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Murphy says mobile sensor data will allow adaptive interventions for maximizing healthy outcomes

Frey comments on why sunbelt metro area economies are still struggling

Krause says having religious friends leads to gratitude, which is associated with better health

Highlights

PSC Fall 2014 Newsletter now available

Martha Bailey and Nicolas Duquette win Cole Prize for article on War on Poverty

Michigan's graduate sociology program tied for 4th with Stanford in USN&WR rankings

Jeff Morenoff makes Reuters' Highly Cited Researchers list for 2014

Next Brown Bag

Monday, Nov 3
Melvin Stephens

Jack Liu named Guggenheim Fellow

Jack Liu Field Research Jack Liu works with other scientists at the China Research and Conservation Center for the Giant Panda to better understand the impact of human interaction on areas of biodiversity.

PSC off-campus affiliate Jianguo (Jack) Liu has been named a Guggenheim Fellow for 2006. This year marks the 82nd year of the John Simon Guggenheim Memorial Foundation's United States and Canadian competition. The winners include 187 artists, scholars, and scientists selected from almost 3,000 applicants for awards totaling $7,500,000.

Decisions are based on recommendations from hundreds of expert advisors and are approved by the Foundation's Board of Trustees. Guggenheim Fellows are appointed on the basis of distinguished achievement in the past and exceptional promise for future accomplishment.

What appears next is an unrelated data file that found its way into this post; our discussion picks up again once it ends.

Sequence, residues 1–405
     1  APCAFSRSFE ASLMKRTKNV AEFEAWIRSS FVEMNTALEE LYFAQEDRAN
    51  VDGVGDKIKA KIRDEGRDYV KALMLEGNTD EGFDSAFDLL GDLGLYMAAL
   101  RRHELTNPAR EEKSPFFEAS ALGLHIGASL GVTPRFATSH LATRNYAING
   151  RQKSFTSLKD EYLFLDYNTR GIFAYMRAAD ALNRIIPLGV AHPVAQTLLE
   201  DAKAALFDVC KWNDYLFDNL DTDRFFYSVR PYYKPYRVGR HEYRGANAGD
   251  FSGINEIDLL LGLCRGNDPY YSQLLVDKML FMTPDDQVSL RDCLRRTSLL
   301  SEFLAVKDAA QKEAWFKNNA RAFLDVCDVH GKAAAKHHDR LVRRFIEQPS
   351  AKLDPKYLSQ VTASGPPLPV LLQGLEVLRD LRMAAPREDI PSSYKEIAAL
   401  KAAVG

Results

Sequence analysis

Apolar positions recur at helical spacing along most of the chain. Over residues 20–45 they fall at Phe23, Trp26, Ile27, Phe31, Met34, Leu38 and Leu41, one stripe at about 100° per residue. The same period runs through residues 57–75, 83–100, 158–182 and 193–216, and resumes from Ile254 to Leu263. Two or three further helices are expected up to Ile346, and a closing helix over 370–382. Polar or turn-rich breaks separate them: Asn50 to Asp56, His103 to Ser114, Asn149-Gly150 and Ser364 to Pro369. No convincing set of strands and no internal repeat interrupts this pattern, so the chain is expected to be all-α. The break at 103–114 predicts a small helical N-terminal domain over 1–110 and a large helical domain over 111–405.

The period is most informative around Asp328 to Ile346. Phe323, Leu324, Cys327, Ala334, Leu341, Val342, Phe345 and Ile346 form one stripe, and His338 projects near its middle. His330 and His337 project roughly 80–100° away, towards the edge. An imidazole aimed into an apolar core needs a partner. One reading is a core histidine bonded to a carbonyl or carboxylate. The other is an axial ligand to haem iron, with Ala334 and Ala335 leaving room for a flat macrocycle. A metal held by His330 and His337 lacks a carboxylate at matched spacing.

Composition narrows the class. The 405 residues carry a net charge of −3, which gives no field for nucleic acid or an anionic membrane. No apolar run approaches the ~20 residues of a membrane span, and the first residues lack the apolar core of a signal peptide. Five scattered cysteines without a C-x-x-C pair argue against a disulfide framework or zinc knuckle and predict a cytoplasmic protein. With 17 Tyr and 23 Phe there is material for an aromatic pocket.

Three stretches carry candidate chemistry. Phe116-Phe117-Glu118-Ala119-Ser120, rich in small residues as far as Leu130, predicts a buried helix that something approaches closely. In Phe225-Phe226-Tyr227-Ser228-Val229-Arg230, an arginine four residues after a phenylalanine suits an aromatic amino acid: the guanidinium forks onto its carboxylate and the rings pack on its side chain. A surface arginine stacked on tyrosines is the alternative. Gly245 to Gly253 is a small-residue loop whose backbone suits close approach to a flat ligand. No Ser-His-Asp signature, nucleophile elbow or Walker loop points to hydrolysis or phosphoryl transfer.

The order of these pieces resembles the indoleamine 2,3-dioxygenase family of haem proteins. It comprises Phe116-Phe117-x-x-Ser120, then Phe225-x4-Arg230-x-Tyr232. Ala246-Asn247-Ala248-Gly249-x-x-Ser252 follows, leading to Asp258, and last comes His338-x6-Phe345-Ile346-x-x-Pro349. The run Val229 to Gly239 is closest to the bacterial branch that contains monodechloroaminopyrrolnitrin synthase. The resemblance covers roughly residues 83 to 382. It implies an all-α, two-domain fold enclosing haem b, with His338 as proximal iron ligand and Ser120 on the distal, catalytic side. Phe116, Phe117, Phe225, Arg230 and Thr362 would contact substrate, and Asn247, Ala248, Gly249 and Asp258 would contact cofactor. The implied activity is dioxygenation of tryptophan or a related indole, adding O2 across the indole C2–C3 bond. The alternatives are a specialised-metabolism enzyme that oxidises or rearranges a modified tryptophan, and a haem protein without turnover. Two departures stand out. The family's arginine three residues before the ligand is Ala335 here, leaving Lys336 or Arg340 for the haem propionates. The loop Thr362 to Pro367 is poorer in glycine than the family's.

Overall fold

Jianguo (Jack) Liu is the Rachel Carson Chair in Ecological Sustainability and Director of Center for Systems Integration and Sustainability at Michigan State University. His Fellowship is based on his NSF-funded research, "Complex Interactions among Policies, People, and Panda Habitat in the Wolong Nature Reserve Landscape."

Dr. Liu's broad research interests include conservation ecology, landscape ecology, human-environment interactions, systems modeling and simulation, and impacts of human population and activity on spatio-temporal dynamics of endangered species such as the giant panda in China. He is keenly interested in integrating ecology with socioeconomics as well as human demography and behavior for understanding and managing patterns, processes and sustainability of biodiversity and natural resources/ecosystem services across multiple temporal and spatial scales. His work has been published in journals such as Nature and Science, and has been featured many times in the popular media.